- Commentators dealt, not just literally in black and white, but very much in almost primitive blunt outlines. Reductiveness was understandable: the hearings were incredibly complex in parts. Many in the institutions themselves didn’t understand the whole picture of their businesses, so how could any non-specialist outsider covering proceedings – or their audience? But in addition to the complexity of the subject, the need to publish in real-time or soon after demanded simplification. 3. Emotive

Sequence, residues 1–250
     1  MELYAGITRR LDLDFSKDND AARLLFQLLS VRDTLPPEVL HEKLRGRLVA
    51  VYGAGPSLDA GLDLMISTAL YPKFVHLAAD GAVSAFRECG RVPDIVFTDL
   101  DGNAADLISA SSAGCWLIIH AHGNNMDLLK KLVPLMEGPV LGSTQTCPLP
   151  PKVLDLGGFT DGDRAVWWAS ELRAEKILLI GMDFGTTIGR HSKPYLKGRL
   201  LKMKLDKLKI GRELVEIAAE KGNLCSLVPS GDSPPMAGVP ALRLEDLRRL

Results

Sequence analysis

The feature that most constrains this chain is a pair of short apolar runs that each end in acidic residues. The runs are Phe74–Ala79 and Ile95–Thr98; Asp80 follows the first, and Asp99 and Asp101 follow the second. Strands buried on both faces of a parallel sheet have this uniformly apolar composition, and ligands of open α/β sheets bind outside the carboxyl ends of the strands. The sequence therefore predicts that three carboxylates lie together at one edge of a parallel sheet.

- The complexity of the story – and the dryness of the subject matter when it came to the details of policy, process, terms and conditions, or procedural nuance – meant that commentators had to find ways to engage wide audiences in relatively niche industry issues. The result of these drivers? Commentators leveraged archetypal figures and narratives to bring apparent “clarity” and emotional weight to the stories, and quickly. They used binary language – dark and light, dirty and clean, pure and corrupt. They identified stock characters – villains, heroes, and victims. They used formulaic narrative trajectories, with inflection moments of rising tension and conflict, realisation and climax, catharsis and resolution (whether through criminal charges or the already-accomplished public demolition of reputations and credibility). Using these pre-existing patterns that audiences could immediately recognise was easier, clearer, and more exciting. The algorithms of stories were an explanatory lens for a tangle of detail.